Owen v State 1858
[Cite as Owen v. State, 31 Ala. 387 (1858).]
OWEN v. THE STATE.
INDICTMENT FOR CARRYING CONCEALED WEAPONS.
1. What constitutes such offense.–A person who, in the room of another in which there are several persons, bears in his vest pocket a pistol, which is willfully or knowingly covered or kept from sight, is guilty of a violation of the statute (Code, § 3274) against carrying concealed weapons.
From the Circuit Court of Tuskaloosa.
Tried before the Hon. John Gill Shorter.
The bill of exceptions in this case is as follows:
On the trial of this case, the State introduced one Hutchinson as a witness, who testified, that within twelve months before the finding of the indictment, he went into the room of one Charles S. Williams, in said county of Tuskaloosa; that he found in the room Mr. Williams, the defendant, and two or three other young gentlemen; that he remained in the room some twenty minutes, or half an hour; that, while there, he asked the defendant to give him a cap; that the defendant put his hand into his vest (p.388)pocket, and took a small pistol out of his pocket, to get a cap; that the pistol was the smallest he had ever seen, and he requested the defendant to let him look at it; that the defendant did so, and, when he and the others had looked at it, it was handed back to the defendant, who again put it into his vest pocket; that he did not see it until the defendant had taken it out of his pocket, and could not see it after he had put it into his pocket as stated; that he did not know whether the pistol was loaded or not; and that, when he went out, he left the defendant in the room.
This was all the evidence in the cause; and thereupon the defendant asked the court to charge the jury, that unless they believed from the evidence that the defendant had the said pistol when he went into the said room, or took it with him when he left the room, merely having the pistol in his pocket, as stated, was not a carrying of the pistol concealed about his person, within the meaning of the statute. The court refused to give this charge, and the defendant excepted.”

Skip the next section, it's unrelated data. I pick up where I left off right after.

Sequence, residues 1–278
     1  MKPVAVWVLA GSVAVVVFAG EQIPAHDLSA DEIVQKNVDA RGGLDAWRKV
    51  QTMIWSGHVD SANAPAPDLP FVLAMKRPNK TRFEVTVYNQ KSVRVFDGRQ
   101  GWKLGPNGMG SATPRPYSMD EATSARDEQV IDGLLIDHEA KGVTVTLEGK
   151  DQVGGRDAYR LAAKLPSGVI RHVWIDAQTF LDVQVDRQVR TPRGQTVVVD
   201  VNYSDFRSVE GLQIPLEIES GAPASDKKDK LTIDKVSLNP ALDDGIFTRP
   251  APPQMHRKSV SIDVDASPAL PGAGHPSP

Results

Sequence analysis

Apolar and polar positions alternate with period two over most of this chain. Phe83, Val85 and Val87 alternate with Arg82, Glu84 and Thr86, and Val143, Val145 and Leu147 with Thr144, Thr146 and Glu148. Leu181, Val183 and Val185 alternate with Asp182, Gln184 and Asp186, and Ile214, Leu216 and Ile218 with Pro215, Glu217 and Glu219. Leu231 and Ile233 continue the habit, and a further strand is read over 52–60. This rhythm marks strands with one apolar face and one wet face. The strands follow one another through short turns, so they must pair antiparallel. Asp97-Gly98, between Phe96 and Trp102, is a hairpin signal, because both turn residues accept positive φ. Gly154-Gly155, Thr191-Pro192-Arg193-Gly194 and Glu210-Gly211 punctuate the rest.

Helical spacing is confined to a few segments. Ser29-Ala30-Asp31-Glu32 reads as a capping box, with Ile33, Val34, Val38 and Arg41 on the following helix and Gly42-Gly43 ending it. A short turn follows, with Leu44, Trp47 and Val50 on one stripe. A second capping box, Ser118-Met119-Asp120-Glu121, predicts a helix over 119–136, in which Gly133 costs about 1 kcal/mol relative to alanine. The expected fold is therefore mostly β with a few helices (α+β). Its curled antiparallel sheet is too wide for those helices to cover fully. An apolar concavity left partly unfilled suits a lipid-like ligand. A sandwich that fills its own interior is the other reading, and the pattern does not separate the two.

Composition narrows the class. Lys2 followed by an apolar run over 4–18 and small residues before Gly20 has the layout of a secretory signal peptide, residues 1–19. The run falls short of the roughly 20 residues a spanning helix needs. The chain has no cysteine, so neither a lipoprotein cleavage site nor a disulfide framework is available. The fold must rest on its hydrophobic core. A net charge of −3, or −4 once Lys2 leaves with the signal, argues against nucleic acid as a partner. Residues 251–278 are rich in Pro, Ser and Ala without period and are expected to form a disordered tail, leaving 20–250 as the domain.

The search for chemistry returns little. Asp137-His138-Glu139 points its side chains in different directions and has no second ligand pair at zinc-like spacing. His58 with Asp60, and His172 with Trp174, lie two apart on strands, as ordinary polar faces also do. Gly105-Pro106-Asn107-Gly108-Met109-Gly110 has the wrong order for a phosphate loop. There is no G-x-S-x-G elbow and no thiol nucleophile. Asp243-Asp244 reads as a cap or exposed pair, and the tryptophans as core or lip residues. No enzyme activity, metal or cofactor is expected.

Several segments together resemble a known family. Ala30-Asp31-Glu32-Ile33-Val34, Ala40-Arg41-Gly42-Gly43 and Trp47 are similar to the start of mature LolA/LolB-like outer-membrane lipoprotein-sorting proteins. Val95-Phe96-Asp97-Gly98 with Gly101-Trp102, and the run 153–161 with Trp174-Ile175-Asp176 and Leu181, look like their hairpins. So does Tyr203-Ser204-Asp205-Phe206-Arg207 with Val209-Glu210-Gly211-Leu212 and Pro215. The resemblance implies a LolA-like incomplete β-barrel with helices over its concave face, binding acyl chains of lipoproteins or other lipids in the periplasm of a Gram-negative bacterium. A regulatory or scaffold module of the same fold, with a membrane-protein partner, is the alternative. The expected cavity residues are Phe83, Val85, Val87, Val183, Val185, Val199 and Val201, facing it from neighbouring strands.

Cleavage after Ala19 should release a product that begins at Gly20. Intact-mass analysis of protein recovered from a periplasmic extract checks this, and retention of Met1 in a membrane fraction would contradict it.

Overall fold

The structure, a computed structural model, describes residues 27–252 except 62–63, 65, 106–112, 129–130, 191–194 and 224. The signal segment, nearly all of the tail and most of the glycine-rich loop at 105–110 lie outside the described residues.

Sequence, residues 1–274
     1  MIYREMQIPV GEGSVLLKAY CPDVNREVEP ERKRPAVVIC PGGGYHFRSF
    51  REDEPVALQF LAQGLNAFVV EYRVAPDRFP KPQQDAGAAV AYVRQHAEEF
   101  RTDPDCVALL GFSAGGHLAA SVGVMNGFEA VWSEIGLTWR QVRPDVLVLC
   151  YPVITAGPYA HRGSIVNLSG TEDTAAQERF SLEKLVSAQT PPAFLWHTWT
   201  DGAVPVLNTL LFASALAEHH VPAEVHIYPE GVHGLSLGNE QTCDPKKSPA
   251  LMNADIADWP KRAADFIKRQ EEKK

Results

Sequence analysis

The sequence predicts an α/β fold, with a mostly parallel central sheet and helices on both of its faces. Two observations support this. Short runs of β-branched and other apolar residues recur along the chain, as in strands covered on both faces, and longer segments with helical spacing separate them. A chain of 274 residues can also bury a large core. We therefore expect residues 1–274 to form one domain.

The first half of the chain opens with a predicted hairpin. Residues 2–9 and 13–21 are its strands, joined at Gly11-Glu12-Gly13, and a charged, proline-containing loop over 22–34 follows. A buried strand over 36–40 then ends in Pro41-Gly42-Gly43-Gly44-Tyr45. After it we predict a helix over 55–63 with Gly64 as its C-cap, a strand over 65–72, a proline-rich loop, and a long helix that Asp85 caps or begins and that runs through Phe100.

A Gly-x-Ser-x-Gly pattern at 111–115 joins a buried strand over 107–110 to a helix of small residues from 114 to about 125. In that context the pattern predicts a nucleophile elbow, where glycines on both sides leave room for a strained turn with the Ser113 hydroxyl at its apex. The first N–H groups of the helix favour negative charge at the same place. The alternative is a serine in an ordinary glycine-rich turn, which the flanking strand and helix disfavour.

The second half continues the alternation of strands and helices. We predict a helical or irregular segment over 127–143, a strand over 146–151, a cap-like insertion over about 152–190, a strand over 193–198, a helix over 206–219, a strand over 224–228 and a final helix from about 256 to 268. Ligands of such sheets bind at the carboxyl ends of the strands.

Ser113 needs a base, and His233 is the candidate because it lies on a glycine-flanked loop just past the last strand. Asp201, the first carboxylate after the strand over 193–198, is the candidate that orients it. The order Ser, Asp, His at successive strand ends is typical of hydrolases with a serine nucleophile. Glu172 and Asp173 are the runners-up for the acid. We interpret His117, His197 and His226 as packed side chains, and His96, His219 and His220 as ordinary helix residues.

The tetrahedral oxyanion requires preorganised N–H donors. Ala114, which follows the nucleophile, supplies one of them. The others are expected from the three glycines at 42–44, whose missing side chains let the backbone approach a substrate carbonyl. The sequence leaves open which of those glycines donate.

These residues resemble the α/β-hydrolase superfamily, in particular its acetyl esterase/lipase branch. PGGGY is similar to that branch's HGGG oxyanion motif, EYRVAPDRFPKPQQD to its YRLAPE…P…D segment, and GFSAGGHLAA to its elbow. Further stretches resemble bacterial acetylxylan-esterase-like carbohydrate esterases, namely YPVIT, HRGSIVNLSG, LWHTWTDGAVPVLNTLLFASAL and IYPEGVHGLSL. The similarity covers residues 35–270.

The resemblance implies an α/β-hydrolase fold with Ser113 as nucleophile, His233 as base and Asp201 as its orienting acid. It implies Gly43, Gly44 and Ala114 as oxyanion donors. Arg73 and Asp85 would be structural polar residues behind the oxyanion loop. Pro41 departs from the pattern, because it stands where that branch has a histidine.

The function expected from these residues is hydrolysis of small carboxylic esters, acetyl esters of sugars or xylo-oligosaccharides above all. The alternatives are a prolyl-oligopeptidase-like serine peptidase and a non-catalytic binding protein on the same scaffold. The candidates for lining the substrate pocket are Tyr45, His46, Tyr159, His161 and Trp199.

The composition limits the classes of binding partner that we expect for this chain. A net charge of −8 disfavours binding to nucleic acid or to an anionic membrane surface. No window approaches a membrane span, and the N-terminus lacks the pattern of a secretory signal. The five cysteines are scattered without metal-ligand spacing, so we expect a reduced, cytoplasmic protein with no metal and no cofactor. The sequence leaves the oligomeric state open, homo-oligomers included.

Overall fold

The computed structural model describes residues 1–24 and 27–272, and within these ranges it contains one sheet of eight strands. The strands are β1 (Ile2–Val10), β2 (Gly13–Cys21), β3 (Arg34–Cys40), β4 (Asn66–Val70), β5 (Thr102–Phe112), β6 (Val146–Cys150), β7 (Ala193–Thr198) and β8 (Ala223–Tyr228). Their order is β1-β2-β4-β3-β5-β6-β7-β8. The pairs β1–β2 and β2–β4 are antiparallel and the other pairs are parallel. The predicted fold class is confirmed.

E. W. Peck, for the appellant.
M. A. Baldwin, Attorney-General, contra.
RICE, C. J.–The defendant was indicted for a violation of section 3274 of the Code, which provides, that “any one who carries concealed about his person a pistol, or any other description of fire-arms, not being threatened with, or having good reason to apprehend an attack, or traveling, or setting out on a journey, must, on conviction, be fined not less than fifty, nor more than three hundred dollars.”
That section was not designed to destroy the right, guarantied by the constitution to every citizen, “to bear arms in defense of himself and the State”; nor to require them to be so borne, as to render them useless for the purpose of defense. It is a mere regulation of the manner in which certain weapons are to be borne; a regulation, the object of which was to promote personal security, and to advance public morals. To that end, it prohibits the bearing of certain weapons, “in such a manner as is calculated (p.389)to exert an unhappy influence upon the moral feelings of the wearer, by making him less regardful of the personal security of others.”–The State v. Reid, 1 Ala. 612 [35 Am. Dec. 44].
The word “carries,” in the section above cited, was used as the synonym of “bears”; and the word “concealed,” as therein used, means, willfully or knowingly covered, or kept from sight. Locomotion is not essential to constitute a carrying within the meaning of that section. A person who, in the room of another in which there are two or three other persons, bears in his vest pocket a pistol, willingly or knowingly covered or kept from sight, without any of the excuses therefor recognized by law, is a violator of the section above cited. The charge asked by the defendant in this case, is in conflict with the law as thus laid down by us. That charge does not simply assert the general proposition, that merely having a pistol in one’s pocket in a room, is not a “carrying” of the pistol concealed about his person, within the meaning of the statute: it goes beyond that, and asserts that, if the defendant did not have the pistol when he went into the room, nor when he went out of it, his “merely having the pistol in his pocket in the room, as stated, was not a carrying of the pistol concealed about his person, within the meaning of the statute.” The charge as asked was specific, and referred directly to the evidence which showed the manner in which the defendant carried the pistol, and conceded the truth of that evidence. As the truth of the evidence was thus conceded by it, the conclusion it drew from the evidence was a non sequitur; for, if the defendant did have the pistol in his pocket, in the room, as stated by the evidence, he might be guilty, although he neither had it when he entered the room, nor when he left the room.